A cappella group AweChords showcases common love for music in upcoming spring concert
Orginally named Nhip-Am, AweChords was formed as a choir for the annual Vietnamese Culture Night and was only officially formed last year as a non-competitive a cappella group at UCLA. Members arrange their own music that covers various genres from R&B to hip-hop in preparation for their spring concert performance happening this Saturday at Kerckhoff Meeting Room.
AweChords Spring Concert
Kerckhoff Meeting Room, FREE.
May 31, 2012 11:49 p.m.
Joseph Choi is referred to as the “piano” of his a cappella group, the AweChords, because of his perfect pitch.
The second-year biology student joined AweChords last year even though he had comparatively little singing experience. However, his skill of perfect pitch, which he developed after being in high school choir, is helpful at the AweChords’ group rehearsals, where members work with one another for solos and arranging mashups.
“I feel like members have to be equally contributing, and that’s very important for a cappella groups; you can’t have one star player. The group has to work together,” Choi said.
Now, Choi, along with 14 other AweChords members, are preparing for their upcoming spring concert on Saturday, arranging their own contemporary music in anticipation for the group’s first-ever showcase at UCLA. YouthPhonics, a community-service based a cappella group, will open the show.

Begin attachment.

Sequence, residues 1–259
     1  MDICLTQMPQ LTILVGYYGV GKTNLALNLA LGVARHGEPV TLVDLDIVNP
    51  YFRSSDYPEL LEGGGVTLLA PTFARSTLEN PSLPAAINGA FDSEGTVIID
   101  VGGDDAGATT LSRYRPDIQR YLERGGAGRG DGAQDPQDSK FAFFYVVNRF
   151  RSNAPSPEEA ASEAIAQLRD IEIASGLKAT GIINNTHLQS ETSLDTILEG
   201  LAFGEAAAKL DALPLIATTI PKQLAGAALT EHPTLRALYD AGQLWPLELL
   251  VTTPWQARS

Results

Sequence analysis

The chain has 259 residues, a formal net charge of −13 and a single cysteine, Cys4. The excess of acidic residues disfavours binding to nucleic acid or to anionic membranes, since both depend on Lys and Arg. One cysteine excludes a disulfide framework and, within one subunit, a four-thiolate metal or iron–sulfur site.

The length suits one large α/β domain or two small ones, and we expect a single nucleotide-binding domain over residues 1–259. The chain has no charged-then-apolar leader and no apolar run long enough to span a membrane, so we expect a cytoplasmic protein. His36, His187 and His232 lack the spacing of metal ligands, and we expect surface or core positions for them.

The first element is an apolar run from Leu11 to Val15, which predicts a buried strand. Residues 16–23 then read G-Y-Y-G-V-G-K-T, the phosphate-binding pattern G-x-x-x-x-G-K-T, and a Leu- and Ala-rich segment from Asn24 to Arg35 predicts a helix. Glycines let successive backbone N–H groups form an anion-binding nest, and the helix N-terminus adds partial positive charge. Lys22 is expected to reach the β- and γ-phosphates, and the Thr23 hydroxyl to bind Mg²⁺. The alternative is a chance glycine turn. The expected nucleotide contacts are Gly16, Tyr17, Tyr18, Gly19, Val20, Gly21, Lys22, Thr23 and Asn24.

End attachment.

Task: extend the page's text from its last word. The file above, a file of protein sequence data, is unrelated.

The AweChords, who officially became a UCLA a cappella group just last year, are different than other a capella groups because they are not a competitive team. Six years ago, the group began as the singing component of Vietnamese Culture Night, and were referred to as Nhip-Am, which means rhythm in Vietnamese. Last year, they decided to branch off and become an independent a cappella group.
Karrie Liu, a fourth-year economics student and president of AweChords, also began singing in college and joined the group her freshman year. She said most members join because they want to still be involved with music after high school, even if they don’t necessarily intend to study it.
“I know in high school, a lot of us were in choir, (or had) some sort of musical background. Coming into college, we just wanted to stay connected to music because a lot of us are South Campus majors. This is our break from all the science-y things,” Liu said.
AweChords arranges its own songs, which they make a group activity. This year, they had multiple members put together arrangements so there is a wide variety of genres, ranging from R&B to hip-hop.
According to Liu, their spring concert set list will include “Fallin'” by Alicia keys, a Sara Bareilles medley, a slow rendition of “Better Half of Me” by Dash Berlin, and also plenty of mashups, a favorite of the group.
Choi said that the group places a big emphasis on listening to a wide variety of music, such as international or older music, which he said helps with arranging.
Oliver Doan, a fourth-year electrical and computer engineering student and the musical director of AweChords, looks over every arrangement the group works on. He said that his job is getting the group to sound like the music in his head and in order to do that, understanding that the voice is an instrument is important.
“I wouldn’t call myself a vocal coach. I’m not that well trained. I just know what sounds good. … You don’t know what anyone is thinking, like that sound in my head. Everyone is different,” Doan said.
Liu said that one of the main goals of the group is to build its musical repertoire. Another goal is encouraging each of its members to find confidence in his or her solo.
“One of our goals is to improve our voices when we do solos. Rehearsals are a place where we build up confidence. We encourage everyone to do solos. Through that, you find your own voice,” Liu said.